In your box:

  • Cabbage
  • Garlic
  • Kale
  • Napa cabbage (full shares)
  • Onion
  • Salad mix
  • Turnips
  • Winter Squash, “Acorn”
  • Winter Squash, “Delicata”
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Farm News

I’ve always thought I should have a sign up on the farm that says “It’s Been ___ Days Since Farmer Red Complained About the Weather.” This year, I don’t think I’ve ever gone more than a day or two without belly-aching about the ridiculously dry summer we’ve had.

Last week we were officially designated as being in a region of “Extreme Drought.” Since we returned from our vacation in mid-August, we’ve received a total of ⅓” of rain. Over those eight weeks, our average would be closer to 6 inches! Coming at the end of a summer in which it barely rained in June or July, this was especially devastating.

Overall, the farm season has run fairly smoothly despite the drought, and I’ve had average harvests every week of the season. But as we near the end of the season, I’m taking stock of everything we’ve lost to the drought: Potatoes that never reached marketable size, Brussels sprouts that never put out sprouts, total loss of leeks and partial loss of carrots and beets. 

I can live with that in the face of such difficult weather (except for the Brussels sprouts–my favorite!), but as a farmer this drought is especially draining. With so little rain, the success or failure of the thousands of plants we grow on the farm is entirely up to me. Without a regular rotation of irrigation and special attention to newly transplanted crops, nothing would have survived this year. That’s a lot of pressure!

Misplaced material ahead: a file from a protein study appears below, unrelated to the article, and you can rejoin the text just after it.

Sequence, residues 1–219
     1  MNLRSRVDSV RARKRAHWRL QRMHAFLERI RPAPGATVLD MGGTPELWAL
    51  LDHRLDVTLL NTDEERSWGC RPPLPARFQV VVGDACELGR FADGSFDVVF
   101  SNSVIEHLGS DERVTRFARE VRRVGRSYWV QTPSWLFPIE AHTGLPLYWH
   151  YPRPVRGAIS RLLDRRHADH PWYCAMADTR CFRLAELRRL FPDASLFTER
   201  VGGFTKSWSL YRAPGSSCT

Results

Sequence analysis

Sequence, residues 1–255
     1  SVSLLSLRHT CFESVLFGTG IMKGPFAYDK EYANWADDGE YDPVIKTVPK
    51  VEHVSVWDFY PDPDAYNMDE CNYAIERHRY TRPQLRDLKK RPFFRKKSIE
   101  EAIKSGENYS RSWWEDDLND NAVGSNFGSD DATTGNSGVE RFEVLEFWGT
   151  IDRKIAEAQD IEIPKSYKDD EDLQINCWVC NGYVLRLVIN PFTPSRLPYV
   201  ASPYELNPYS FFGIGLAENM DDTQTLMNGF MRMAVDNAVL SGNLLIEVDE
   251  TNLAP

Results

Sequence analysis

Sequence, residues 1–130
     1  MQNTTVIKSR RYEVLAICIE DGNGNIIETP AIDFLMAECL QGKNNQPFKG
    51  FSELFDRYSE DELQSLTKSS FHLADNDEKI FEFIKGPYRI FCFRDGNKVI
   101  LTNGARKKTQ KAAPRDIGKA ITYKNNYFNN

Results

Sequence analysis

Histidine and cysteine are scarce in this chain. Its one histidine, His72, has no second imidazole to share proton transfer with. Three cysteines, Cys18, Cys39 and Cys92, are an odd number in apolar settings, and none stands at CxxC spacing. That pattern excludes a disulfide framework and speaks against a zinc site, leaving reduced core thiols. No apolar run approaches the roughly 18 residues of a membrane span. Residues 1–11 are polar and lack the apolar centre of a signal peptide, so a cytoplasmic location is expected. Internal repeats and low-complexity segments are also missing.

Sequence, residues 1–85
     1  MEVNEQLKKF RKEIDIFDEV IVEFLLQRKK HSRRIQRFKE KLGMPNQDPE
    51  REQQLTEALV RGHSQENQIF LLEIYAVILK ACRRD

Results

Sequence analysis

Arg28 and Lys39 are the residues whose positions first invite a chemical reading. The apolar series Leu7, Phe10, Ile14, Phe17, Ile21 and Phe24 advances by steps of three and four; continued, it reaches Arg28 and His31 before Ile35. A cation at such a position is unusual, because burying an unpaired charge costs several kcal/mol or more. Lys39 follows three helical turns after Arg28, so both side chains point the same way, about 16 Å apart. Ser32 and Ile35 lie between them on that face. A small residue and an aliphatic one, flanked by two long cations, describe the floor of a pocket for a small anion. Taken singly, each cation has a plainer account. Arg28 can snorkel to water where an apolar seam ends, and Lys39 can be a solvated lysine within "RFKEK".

As we wrap up the growing season, we especially need rain to refill the ground water and keep our well satisfied in time for next year. 

Thus ends my final weather complaint of 2022. And hey, the leaves have been especially beautiful this fall!

This week’s box

This week brings two winter squash to our boxes. The black squash with a spot of orange are Acorn squashes (similar to the Fordhook Acorns we had last week, but with a more conventional appearance). The colorful yellow squash are Delicata–my second favorite squash after butternut. Delicatas are unique in that their skin is thin and tasty enough to eat, unlike other squash that need to be scooped out of their skins.

To cook any squash, preheat the oven to 350 degrees. Slice the squash in half (lengthwise) and scoop out the seeds. Place the squash flesh-side down in a casserole dish and add an inch of water into the dish. Bake for 45-60 minutes, depending on the size of the squash.

The turnips this week are the customary storage variety that lacks the sweetness of the white turnips we had in the spring, but with a more robust flavor. You don’t need to peel them, but to remove any dirt it might be helpful.

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Savoy Cabbage and Turnips

  • 2 Tbs. unsalted butter
  • 1 turnip, peeled and cut into 1/4-inch cubes
  • 1 carrot, peeled and cut into 1/4-inch cubes
  • 1 head savoy cabbage, about 2 lb., quartered, cored and sliced crosswise into strips 1/4 inch wide
  • 3/4 cup low-sodium chicken stock
  • Coarse salt and freshly ground pepper, to taste
  • 1 Tbs. chopped fresh flat-leaf parsley
  1. In a large saucepan over medium-high heat, melt the butter.
  2. Add the turnip and carrot and sauté until lightly browned, about 7 minutes.
  3. Add the cabbage and sauté until wilted, about 2 minutes.
  4. Stir in the stock, reduce the heat to medium-low and cook, uncovered, until the cabbage is tender and most of the cooking liquid has evaporated, about 10 minutes.

Season with salt and pepper and stir in the parsley. Serve immediately. Serves 6.

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Coming up

Next week, we are expecting celery, onions, garlic, salad mix, butternut squash, beets, carrots and broccoli.

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